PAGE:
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Interviews

THQ's Danny Bilson pt. 1

We catch up with the publisher's core games boss...

Every publisher should have a Danny Bilson.

Sure, when you sit down and talk to THQ's core software boss, the pristine suit and 'old boys' handshake scream 'Boardroom bulldog'.

Zoom

His immaculate hair, LA teeth and business-smart drawl don't exactly do much to deter this first impression; portraying a man consistently in full control of the words that escape his lips.

But there's one subject that can make Bilson's cool slip slightly; one subject that gets his hands slapping the table and his eyes full of fire - and that's video games.

Not the sales forecasts, not the distribution chain, not the development budgets - all of which he has a typically slick command of - but the games.

FPS, action, sports, MMO; Bilson has personal experience - and an opinion - on them all.

A veteran of Medal Of Honor, The Sims and a host of Hollywood TV and movie productions, Bilson is the sort of money man that can quickly earn the respect of his consumers. He could probably whup most of them on Xbox Live.

He's a gamer in a position of great power - and because he's a gamer, he knows what he likes. And that's damn refreshing.

Get him on one of THQ's major core titles, and he speaks a mile a minute; jettisoning killer phrases like "ghee whiz!" and "James Bondian" as he goes.

Listen into THQ's next earnings calls if you get a chance. No, really, do.

In amongst the drab fiscal analysis and the blunt investor enquires, there's Bilson, spilling over with bone fide enthusiasm for the products he personally caresses from abstract idea to shelf-filler.

It's like hearing one of your own fighting the good fight in the P&L-dominated, passion-adverse lion's den of corporate enterprise. Perhaps sadly, it's something of a thrill.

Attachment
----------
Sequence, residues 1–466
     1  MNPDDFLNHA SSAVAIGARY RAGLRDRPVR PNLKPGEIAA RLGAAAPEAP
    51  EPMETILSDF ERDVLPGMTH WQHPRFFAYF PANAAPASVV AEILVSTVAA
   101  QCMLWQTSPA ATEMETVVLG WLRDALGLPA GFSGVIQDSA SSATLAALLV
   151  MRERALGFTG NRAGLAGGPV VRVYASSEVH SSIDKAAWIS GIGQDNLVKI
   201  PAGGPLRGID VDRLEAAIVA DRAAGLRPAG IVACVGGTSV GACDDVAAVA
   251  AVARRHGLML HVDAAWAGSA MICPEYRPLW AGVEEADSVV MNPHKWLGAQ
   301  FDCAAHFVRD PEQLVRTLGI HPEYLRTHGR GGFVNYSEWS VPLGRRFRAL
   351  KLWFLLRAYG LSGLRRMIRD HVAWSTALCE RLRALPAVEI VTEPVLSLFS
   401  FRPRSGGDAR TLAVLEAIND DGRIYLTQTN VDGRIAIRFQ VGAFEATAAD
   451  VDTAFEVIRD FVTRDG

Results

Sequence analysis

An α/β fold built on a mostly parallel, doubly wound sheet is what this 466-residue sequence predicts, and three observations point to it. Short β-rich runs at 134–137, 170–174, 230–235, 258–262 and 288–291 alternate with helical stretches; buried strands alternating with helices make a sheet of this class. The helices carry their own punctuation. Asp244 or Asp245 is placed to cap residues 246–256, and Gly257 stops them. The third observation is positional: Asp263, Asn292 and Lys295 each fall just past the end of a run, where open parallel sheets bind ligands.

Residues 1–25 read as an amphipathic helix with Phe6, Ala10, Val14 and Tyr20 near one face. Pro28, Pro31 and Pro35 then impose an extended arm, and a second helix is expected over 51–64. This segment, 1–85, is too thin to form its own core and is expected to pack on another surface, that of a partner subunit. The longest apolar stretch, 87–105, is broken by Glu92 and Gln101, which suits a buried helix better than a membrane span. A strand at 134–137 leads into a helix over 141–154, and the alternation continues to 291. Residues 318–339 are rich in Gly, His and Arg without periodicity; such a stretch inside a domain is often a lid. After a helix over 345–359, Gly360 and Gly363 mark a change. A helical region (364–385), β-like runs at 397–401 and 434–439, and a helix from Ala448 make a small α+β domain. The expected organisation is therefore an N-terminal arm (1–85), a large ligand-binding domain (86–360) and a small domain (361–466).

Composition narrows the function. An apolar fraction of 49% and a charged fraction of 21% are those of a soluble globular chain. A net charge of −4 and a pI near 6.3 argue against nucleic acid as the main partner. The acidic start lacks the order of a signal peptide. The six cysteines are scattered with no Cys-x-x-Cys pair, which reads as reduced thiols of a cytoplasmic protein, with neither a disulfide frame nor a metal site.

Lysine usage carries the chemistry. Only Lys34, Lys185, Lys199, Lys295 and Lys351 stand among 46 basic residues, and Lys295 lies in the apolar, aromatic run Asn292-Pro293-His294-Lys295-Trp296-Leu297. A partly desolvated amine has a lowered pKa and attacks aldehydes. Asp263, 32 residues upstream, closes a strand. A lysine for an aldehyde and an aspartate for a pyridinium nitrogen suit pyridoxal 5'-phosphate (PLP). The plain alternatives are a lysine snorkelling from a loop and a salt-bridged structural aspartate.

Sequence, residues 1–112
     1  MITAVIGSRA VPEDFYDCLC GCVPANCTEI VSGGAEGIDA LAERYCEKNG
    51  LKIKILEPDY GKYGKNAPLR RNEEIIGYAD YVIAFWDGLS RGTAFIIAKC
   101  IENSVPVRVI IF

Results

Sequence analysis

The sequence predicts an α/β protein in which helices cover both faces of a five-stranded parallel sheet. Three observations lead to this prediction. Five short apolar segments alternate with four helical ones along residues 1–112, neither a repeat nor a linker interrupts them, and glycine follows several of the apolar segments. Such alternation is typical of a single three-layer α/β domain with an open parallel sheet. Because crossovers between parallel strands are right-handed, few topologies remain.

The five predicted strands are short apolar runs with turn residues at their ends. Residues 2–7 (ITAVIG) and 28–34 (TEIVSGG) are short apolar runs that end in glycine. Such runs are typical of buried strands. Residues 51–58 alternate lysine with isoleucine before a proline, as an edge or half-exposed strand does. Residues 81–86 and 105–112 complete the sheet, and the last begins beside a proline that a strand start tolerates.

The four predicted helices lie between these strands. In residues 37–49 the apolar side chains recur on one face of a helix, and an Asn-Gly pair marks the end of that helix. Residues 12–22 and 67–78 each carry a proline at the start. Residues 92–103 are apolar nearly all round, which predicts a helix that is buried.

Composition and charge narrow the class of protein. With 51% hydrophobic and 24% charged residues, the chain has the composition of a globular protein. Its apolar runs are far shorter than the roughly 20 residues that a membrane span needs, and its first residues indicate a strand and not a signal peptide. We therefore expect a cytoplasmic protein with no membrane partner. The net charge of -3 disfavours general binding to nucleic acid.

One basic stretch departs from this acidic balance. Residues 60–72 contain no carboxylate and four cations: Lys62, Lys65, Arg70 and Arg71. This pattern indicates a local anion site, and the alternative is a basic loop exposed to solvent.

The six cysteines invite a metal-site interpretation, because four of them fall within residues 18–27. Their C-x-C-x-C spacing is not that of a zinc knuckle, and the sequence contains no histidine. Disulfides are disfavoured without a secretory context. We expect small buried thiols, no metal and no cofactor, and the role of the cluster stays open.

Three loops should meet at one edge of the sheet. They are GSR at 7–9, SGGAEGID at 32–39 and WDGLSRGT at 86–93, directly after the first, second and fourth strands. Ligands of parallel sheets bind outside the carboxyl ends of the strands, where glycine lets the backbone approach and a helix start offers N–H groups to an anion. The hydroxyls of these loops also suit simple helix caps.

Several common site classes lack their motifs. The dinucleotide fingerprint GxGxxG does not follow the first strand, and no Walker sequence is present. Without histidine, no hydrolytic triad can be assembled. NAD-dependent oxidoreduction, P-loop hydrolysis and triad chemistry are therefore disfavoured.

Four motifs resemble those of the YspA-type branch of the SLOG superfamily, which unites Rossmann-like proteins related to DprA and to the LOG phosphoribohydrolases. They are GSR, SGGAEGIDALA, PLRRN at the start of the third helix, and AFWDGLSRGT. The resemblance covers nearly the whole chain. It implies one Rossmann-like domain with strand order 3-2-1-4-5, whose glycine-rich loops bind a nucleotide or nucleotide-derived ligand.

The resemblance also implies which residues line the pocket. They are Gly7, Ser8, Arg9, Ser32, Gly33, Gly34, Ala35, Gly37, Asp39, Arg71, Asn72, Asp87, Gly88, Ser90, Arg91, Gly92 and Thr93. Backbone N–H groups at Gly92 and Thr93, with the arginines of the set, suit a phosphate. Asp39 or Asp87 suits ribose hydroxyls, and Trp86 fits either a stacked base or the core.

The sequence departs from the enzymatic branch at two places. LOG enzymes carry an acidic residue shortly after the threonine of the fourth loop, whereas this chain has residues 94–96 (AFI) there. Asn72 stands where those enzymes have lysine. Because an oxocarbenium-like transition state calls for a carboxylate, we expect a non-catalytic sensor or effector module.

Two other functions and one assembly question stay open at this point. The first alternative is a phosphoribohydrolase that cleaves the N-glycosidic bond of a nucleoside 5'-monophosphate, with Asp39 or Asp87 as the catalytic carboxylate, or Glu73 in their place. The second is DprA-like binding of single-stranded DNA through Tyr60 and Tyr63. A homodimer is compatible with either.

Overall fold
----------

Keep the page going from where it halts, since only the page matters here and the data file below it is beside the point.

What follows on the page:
As you might have guessed, we like him very much. We think you will too...

What's the difference between THQ of today - where you seem to have really strong quality in the hardcore space - and the THQ of a few years ago, where that wasn't the case?
The difference is the people running the core group are those hardcore consumers. That's exactly what it is. Our whole team are those guys you're talking about, including myself. I'm a hardcore gamer - that's all I do, play video games. Our whole team is built on those same people.

We're building games that we want to play the most. And it's working. We're our own test market I've been in the entertainment business for 30 years, and someone I very much look up to, John Milius - who happens to be writing Homefront - told me back in 1980: 'Write the movie you want to see the most.' That's' what we're doing at THQ - making the games we want to play the most. It's almost that simple and that pure. We just have a lot of smart game makers who are very dedicated. We're working really, really hard to make up for some of the sins of the past and to grow our business.

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The other thing is, there's a lot of creative talent now in the business - but that creative talent is integrated. Our marketing and our PD is absolutely joined at the hip - so they're sharing that creativity. Our marketers are the hardcore gamers, the PD guys are hardcore gamers. They're coming up with really creative ideas.

Our team is unique in the entire entertainment industry. We have about ten people who all sit together - half of them are marketers, half of them are product development people. Everyone of our marketers is a passionate, hardcore gamer also. And we spend much more time on creative campaigns than we do market research.

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